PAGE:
From atmore magazine News

Christmas in the Trenches    

By Nancy Karrick

Published in “atmore” magazine, December 2018

I had the opportunity to meet folk singer John McCutcheon in the late 1980s while we were living in Atlanta. I was attending a children’s literature class at Oglethorpe University and our speaker for the day was Carmen Deedy.

On that particular day, Carmen had brought along her husband, John McCutcheon, to help load and unload her boxes of children’s  books she had written and brought for sale after the class was over.

I spent some time after the class, not only purchasing some of the books, but also talking to the author about her childhood in Cuba, telling her that I had been in that country in 1957.

Little did I know that our paths would cross a dozen years later at a storytelling festival in Athens, Alabama.

When I arrived in Athens in the fall of 2008, I was excited to find that Carmen Deedy would be one of our storytellers, and equally excited to see her husband on the list of presenters. When John came up to speak, he started talking about the first time he heard of the Christmas Truce of 1914. He was doing a concert in Birmingham in 1984, and during an intermissions, started talking to the janitress backstage. When he heard the woman’s story, it touched him so that he made up a character’s name and placed him from Liverpool, England, and composed the entire song during the next intermission. His intention had been to sing the song only at Christmas, but the response was so great that he now includes it in all of his presentations.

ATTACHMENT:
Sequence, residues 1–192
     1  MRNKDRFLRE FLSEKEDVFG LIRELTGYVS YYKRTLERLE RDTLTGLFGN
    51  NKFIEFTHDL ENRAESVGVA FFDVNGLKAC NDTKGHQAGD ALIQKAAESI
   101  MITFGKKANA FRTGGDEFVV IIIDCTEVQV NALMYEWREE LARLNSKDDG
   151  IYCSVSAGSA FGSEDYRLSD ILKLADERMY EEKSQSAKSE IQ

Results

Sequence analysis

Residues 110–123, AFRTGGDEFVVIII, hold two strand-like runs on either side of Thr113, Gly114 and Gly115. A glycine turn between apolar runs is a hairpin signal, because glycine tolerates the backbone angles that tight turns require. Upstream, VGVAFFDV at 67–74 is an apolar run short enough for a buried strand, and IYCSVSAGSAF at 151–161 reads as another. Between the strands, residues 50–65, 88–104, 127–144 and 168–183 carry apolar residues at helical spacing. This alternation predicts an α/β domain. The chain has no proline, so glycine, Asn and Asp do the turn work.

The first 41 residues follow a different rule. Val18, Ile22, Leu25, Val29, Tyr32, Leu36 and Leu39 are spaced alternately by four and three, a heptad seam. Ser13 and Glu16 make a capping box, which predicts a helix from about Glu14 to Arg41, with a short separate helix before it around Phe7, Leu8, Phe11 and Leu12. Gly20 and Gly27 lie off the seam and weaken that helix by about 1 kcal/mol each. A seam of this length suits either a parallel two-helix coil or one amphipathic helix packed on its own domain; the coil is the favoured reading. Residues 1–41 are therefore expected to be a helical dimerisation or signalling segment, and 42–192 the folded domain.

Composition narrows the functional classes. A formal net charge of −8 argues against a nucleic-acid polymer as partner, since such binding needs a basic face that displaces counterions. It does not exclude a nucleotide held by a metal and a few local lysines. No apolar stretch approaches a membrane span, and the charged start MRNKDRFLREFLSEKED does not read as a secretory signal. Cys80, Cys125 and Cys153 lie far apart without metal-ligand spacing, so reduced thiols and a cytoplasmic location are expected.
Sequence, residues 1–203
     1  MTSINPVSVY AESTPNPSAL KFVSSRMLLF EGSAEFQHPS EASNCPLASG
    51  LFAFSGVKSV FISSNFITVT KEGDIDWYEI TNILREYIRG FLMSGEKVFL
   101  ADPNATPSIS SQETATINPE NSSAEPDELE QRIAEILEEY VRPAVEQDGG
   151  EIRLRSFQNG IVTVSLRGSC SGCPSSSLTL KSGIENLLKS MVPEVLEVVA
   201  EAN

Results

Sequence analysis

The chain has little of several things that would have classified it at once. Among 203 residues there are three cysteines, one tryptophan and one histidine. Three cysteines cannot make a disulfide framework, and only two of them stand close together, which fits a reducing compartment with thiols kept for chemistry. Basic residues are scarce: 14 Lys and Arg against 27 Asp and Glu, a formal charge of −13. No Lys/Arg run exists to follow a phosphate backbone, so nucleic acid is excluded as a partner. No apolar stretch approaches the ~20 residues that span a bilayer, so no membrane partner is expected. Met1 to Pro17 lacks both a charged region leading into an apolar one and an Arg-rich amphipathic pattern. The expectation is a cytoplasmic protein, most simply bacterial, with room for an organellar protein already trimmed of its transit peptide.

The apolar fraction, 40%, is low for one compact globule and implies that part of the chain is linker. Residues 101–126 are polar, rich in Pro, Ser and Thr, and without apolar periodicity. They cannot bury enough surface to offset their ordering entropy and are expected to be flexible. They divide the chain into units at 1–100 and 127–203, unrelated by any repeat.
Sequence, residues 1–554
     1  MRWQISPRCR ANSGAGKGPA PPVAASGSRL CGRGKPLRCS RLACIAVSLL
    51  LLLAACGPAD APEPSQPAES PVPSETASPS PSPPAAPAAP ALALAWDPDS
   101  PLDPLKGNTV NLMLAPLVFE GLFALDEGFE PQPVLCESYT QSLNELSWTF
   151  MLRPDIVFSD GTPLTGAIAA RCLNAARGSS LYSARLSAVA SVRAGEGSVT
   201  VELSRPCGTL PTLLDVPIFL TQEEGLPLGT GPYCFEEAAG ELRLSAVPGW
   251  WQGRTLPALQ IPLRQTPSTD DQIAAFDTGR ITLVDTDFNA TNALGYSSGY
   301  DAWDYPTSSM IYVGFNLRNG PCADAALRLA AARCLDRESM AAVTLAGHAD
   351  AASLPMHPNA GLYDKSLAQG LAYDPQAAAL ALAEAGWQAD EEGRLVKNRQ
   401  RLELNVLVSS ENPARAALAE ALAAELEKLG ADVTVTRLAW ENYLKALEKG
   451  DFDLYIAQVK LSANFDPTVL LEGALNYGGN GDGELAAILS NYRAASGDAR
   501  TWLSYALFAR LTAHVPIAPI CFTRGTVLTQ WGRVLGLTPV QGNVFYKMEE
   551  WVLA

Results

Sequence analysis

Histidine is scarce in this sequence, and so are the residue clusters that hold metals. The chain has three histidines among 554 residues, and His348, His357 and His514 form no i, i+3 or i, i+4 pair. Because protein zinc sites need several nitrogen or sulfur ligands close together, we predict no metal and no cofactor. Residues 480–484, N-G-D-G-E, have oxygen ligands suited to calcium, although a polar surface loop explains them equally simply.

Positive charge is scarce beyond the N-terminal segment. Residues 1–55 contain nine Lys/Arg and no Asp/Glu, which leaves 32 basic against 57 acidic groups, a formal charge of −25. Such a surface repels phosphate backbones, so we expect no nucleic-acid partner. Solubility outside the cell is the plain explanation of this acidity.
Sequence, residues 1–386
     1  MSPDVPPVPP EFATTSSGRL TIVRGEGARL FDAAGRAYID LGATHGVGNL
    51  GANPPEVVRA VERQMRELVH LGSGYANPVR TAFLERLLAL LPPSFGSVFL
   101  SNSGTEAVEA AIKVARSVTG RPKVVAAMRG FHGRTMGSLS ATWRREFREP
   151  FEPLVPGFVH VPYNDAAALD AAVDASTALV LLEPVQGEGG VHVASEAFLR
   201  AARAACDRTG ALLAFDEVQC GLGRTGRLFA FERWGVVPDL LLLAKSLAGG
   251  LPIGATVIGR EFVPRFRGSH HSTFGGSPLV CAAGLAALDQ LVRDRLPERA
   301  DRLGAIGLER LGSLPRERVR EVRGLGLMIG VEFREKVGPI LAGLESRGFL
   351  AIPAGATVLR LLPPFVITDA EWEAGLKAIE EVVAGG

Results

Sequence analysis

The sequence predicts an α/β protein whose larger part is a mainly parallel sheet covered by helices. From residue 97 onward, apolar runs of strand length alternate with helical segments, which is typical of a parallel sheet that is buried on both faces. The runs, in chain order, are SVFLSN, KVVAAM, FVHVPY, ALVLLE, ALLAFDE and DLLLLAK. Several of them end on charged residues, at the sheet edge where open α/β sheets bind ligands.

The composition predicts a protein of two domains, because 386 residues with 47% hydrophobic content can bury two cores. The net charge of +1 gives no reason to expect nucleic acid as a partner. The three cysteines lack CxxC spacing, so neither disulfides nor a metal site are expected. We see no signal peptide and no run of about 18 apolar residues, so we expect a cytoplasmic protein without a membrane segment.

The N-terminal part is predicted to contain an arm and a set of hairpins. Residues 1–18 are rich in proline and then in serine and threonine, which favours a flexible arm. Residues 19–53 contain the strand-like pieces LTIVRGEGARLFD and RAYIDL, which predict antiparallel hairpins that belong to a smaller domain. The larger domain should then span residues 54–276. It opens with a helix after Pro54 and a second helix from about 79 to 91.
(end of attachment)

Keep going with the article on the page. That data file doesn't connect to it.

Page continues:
When I heard his song, like John, I was mesmerized by the story and wondered why I had never heard about this event before. Deciding that his book and the story of the truce would be interesting for my students, I returned home with his book and CD in hand, and started delving into the history of the Christmas Truce of 1914.

With all of the celebrations marking the centennial of the armistice ending World War I this year, I felt that this event deserved more coverage as well. It was indeed one of the miracles of Christmas.

World War I, or the Great War, as it became called, was well known for its trench warfare. Huge trenches were dug into the ground and soldiers from both sides literally lived in those muddy, wet, slippery, and narrow trenches. Trenches were separated from those of the enemy by

a cleared space known as no-man’s land, which was often lined with barbed wire. To enter that parcel of land meant almost sure death from an enemy gunshot. Even after only a few months of fighting, soldiers were sick and tired of trench living and the dangers it imposed. The deep mud got into their boots and clothing and caused illness and the dreaded trench foot for many.

It was indeed a pleasant surprise to see cold weather and snow arrive just before Christmas because it meant the mud would freeze and the men could walk on firm ground again.

On Christmas Eve, soldiers on both sides were probably thinking about home, family, the gifts they had received, and what they would be missing on Christmas Day. For British soldiers, a gift from the Queen had been sent to each man, while the German government had sent trees decorated with candles to the men on the front lines.